“But ever since he had been a child, he had wanted to know the world, and this was much more important to him than knowing god and learning about man’s sins.”
As we were walking down the street of a fairly large city I stopped to watch as an older gentleman who was selling chickens cut the throat of one of the flailing birds as a one year old child squatted beside it completely unperturbed sort of playing with its feathers. He watched as the man handed the now dead bird to his mother and got up to join her and the three dead birds they were taking home for dinner. Like most children here (and in the rest of the world) this little boy knows full well that the chicken on his plate came from the clucking animal he just saw die, a fact that I among most Americans choose to ignore at home with our daintily packaged meats that yield no clues that bacon use to oink, or that beef use to moo.
If you a vegetarian you have every right to be disgusted, but chances are, most of you cringing in your seats at the thought of a headless bleeding chicken have eaten one before. And therefore, one has been killed for you before. And therefore, you really have no right to turn away and ignore the fact that every time you eat meat, you are eating an animal. I’m not a vegetarian (though I don’t eat a whole lot of meat), and though I’m an avid animal lover and cuddler, seeing how animals are openly killed and displayed for sale (whole) in most of the world has been an important lesson to me in realizing, truly realizing, that meat does not come from a package.
It’s also a lesson I want to take back home with me since once we arrive back in Oregon I plan to only eat meat that we kill – fish and crab that we catch, chickens that we raise, and deer that Kevin shoots with his bow – because I think it’s more environmentally friendly, more humane, and a good way to remember that every bite of meat you eat comes from an animal.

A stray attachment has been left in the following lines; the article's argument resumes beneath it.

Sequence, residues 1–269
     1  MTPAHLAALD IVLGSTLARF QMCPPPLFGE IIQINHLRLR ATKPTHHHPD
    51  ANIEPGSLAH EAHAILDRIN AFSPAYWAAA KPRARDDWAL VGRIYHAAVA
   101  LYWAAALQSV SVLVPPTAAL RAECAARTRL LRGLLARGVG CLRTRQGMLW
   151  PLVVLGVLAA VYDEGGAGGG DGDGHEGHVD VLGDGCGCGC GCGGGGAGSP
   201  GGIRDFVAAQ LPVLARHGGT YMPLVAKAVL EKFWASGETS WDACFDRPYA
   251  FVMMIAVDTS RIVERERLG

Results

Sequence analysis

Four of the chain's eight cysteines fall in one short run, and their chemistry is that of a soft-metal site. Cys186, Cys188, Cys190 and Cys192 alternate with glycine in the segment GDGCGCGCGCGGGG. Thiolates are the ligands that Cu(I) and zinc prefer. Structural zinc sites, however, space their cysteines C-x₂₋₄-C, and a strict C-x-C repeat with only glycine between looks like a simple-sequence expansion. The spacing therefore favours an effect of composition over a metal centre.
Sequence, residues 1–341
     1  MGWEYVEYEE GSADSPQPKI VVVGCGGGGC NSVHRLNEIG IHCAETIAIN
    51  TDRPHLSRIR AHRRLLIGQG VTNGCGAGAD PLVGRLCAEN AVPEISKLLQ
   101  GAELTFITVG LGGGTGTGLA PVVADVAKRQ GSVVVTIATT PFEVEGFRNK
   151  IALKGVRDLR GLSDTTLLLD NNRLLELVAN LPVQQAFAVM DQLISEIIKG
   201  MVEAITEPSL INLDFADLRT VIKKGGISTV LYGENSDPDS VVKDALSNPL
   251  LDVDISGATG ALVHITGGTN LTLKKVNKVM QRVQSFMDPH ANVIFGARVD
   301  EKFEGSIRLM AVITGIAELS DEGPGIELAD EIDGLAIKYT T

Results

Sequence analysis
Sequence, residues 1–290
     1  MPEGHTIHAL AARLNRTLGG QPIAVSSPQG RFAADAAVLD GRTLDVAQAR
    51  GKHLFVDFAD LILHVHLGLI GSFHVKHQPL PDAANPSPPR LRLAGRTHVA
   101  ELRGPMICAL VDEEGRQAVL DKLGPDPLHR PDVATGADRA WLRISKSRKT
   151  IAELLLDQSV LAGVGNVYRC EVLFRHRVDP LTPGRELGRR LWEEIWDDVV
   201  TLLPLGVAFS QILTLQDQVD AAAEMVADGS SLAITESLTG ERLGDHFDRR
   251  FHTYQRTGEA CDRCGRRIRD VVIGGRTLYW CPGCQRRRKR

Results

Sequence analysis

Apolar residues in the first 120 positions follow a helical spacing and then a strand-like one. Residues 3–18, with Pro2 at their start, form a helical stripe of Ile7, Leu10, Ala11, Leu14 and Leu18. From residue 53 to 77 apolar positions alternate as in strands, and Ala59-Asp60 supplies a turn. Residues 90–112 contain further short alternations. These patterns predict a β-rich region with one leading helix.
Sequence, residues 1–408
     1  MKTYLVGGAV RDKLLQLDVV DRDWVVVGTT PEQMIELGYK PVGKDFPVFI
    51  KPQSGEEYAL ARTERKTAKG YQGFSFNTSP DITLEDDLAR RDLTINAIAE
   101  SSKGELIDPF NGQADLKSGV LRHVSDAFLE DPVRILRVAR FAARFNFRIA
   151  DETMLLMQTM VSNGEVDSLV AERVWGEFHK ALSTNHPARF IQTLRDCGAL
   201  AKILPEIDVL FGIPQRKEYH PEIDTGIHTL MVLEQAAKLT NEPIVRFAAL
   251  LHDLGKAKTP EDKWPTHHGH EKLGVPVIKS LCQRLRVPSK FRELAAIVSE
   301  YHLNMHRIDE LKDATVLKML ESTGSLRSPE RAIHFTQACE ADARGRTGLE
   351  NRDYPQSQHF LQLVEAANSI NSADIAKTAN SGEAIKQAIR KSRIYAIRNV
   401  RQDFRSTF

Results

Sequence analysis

Dinner anyone? I know it’s horrible, but oh so true. What do you think a Turkish kebab is made from?
A little bacon seed!
Since the blog is always a few weeks behind (due to inconsistent internet) feel free to find me on Facebook or on Instagram at @awanderingphoto where I give small updates and post recent pictures when I get wifi! Also, if you haven’t already noticed I’ve been slowly remodeling the site as we are now “The Wandering Nomads.” Make sure to check out The Nomads section, The Trip section, and The Solo Women section since those are the ones I have had time to update so far!
Oh my gosh Shirine!! This is one of the most important lessons you can learn!!!! With an animal science degree, and one who grew up in 4H raising cattle, I cannot tell you how amazing it is to hear that you are raising your meat yourself. So many people are so detached from death that we do 1 of 2 things, 1. We couldnt care less. We have no respect for the animal and the life it gave and therefore further detach ourselves from the sacrifices of this world or 2. Become so outraged that we enforce laws and create hate and make it impossible for small farmers to make it in life or big corporations to act humane. I took a meats lab class in college and it was a huge eye opener, and that comes from someone who grew up with cattle, only eating our own meat. We grew beef and traded a half side for someone else’s homegrown hog. My dad hunts elk/deer. Thats all the meat we eat. I know exactly what went into it and how it was treated through life. Very good lesson.